And then I think about the swarms of monarchs making the trip…this knowledge…this “TRUTH” is within each of them.  I don’t know how they share it or how they hear it, but they all just KNOW.  Could the swarm of butterflies really be part of a greater being…all butterflies are truly one? 

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In the Elm Tree across the Creek from my House

 

What is this monarch navigation system? How quiet the mind of a monarch must be to hear this mystical guide!

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Sunning in the field

I was on the phone for an hour Saturday with somebody I dearly love. It’s funny because I NEVER talk on the phone…nonetheless for an hour. We talked about how we both suffer from relentless voices in our heads…there is never quiet…never space.  The voices drive us and push us in directions we think we SHOULD go.  We hear the directions society, our parents, our bosses, our lovers believe we should go.  They chatter, like multiple GPS guidance systems talking at once, constantly recalculating new routes.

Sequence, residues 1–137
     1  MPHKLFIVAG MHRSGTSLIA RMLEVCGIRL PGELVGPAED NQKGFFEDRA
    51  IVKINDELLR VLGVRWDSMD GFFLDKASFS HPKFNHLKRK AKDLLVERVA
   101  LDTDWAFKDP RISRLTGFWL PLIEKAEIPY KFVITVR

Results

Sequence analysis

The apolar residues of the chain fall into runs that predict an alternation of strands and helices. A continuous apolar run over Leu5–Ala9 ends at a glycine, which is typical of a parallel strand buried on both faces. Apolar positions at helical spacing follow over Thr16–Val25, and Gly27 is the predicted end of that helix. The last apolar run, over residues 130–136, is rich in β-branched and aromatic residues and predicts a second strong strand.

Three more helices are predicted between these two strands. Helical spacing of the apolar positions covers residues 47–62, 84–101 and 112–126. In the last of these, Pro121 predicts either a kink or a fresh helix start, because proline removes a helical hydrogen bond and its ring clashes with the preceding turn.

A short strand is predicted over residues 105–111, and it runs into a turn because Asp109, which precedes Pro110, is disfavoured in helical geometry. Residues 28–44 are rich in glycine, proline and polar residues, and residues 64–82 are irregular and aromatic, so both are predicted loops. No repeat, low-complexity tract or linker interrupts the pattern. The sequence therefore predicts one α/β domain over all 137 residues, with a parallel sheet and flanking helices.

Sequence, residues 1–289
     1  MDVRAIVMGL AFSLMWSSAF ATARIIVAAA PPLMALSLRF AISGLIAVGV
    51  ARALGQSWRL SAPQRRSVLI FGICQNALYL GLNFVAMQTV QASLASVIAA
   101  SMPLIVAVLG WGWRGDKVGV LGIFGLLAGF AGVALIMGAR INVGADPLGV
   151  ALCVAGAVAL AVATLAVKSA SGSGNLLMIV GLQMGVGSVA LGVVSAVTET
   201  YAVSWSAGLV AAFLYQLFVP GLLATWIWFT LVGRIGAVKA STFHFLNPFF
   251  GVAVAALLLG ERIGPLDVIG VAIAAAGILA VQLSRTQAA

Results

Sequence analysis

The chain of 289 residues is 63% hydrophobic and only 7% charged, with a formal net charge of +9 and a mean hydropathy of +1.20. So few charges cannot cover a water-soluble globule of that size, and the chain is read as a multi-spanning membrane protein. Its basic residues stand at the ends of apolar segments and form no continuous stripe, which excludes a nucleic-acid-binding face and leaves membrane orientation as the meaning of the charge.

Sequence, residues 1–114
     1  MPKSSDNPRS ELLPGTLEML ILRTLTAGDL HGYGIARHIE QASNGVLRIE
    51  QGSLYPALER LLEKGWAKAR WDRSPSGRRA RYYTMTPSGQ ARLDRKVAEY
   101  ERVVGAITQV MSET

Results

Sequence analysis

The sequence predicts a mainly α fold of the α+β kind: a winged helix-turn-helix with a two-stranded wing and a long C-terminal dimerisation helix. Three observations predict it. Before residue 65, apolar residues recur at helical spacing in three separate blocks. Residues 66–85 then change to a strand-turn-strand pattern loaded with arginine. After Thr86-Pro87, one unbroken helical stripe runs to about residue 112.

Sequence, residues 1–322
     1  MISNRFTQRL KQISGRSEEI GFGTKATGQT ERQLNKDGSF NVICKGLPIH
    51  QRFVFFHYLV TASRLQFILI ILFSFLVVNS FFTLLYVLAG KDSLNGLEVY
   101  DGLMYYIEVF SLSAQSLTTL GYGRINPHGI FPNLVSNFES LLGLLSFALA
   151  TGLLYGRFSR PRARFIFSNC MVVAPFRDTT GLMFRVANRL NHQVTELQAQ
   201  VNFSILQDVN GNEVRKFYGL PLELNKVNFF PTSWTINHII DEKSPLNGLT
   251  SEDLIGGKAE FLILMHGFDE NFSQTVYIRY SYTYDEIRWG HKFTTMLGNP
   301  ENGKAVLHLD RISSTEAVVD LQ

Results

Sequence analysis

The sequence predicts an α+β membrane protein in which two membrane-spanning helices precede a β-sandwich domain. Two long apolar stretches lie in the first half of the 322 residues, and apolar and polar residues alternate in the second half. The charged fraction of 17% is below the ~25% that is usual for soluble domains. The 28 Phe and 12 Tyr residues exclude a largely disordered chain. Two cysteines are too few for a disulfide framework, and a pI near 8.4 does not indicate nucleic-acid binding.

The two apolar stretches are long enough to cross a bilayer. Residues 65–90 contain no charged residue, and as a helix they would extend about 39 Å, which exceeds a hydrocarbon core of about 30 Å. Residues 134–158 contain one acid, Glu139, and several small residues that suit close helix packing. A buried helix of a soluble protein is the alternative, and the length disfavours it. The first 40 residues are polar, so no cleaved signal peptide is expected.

I believe that like the monarchs, we don’t need a GPS. I think we are all born with monarch navigation systems that gently whisper the directions.  But the voice is gentle, never forceful.  So, I must learn to quiet my mind to truly hear.  I know there is a whisper for me…I can feel the loving call.  I just have to be quiet enough to hear.

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I constantly try to photograph the butterflies in flight…this was closest I got that day

References

Davis, D. (2005, September). Meet Canadian Naturalist. Retrieved from Journey North: https://journeynorth.org/tm/monarch/DavisDonBio.html

Main, D. (2013, August 13). Monarch butterflies may take five generations to migrate to US . Retrieved from NBC News: https://www.nbcnews.com/sciencemain/monarch-butterflies-may-take-five-generations-migrate-us-6C10910055

The Science of monarchs. (n.d.). Retrieved from Chautauqua Bird Tree and Garden Club: https://www.chautauquabtg.org/life-cycle-anatomy/